Bronze coin of Ephesos, reign of emperor Macrinus


British Museum

British Museum
London, United Kingdom

This bronze coin of Ephesos comes from the reign of the Roman emperor Macrinus, in AD 217-218. As with many coins of this region and period it carries on the obverse (on the front) a portrait of the reigning emperor, and on the reverse a scene of local significance. The reverse of this coin bears a scene of sacrifice in front of a temple. Within the temple is a statue of a Roman emperor (it is unclear which one), indicating that the temple is dedicated to a deified Roman emperor. The possession of such an imperial temple was a source of much pride to provincial cities in the Roman world. Possession of an imperial cult entitled a city to the title neokoros ('temple-warden'). Ephesos was thus honoured several times over: at the time of Macrinus the city was titled neokoros three times, and would be granted one more by the emperor Elagabalus (ruled AD 218-222).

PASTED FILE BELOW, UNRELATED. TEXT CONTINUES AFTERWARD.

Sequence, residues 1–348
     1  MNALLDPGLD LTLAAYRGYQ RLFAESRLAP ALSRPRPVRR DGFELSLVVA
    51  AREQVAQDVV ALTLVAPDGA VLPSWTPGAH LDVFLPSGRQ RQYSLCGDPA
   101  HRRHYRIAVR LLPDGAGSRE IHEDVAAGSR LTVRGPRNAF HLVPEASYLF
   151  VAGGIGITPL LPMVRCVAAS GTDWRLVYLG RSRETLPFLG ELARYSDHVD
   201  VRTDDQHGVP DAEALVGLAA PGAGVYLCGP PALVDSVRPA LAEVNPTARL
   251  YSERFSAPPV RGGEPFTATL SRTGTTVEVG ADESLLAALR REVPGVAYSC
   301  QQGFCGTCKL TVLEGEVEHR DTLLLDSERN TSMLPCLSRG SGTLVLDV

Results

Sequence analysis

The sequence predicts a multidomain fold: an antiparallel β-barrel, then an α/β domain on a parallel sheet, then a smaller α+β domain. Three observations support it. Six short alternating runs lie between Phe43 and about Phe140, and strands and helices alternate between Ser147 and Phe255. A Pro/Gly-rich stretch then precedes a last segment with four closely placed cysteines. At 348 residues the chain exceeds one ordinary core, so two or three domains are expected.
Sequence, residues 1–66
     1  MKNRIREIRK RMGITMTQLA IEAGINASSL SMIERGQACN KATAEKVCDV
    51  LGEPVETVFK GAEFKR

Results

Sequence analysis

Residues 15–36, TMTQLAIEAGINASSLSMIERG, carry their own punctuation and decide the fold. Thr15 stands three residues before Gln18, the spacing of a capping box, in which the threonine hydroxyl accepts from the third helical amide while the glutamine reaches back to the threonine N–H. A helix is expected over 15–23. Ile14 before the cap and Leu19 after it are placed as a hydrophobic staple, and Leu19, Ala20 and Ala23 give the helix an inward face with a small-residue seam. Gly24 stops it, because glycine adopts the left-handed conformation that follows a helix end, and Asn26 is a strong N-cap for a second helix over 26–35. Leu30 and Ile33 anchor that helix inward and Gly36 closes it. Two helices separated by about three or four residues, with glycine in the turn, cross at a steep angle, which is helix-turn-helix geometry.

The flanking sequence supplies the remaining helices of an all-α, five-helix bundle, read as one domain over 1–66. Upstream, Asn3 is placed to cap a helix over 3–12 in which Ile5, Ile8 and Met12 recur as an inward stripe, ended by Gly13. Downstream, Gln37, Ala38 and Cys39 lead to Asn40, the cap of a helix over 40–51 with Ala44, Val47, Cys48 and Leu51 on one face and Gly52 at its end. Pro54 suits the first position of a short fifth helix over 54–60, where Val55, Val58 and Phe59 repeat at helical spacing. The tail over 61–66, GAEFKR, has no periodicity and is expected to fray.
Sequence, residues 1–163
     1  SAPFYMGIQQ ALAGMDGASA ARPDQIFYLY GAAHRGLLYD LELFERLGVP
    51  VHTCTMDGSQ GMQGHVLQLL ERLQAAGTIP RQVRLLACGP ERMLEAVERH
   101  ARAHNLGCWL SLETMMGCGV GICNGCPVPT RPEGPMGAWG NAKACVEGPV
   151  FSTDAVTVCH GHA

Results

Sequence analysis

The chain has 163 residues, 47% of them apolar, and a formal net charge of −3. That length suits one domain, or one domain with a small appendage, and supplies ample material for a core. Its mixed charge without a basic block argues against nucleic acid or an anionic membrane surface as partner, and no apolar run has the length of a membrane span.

• Title: Bronze coin of Ephesos, reign of emperor Macrinus
  • Date Created: 217/218
  • Physical Dimensions: Weight: 20.200g
  • External Link: British Museum collection online
  • Registration number: BNK,G.553
  • Production place: Minted in Ephesus
  • Period/culture: Roman Provincial
  • Material: alloy
  • Copyright: Photo: © Trustees of the British Museum
  • Authority: Ruler Macrinus
  • Acquisition: Donated by Bank of England

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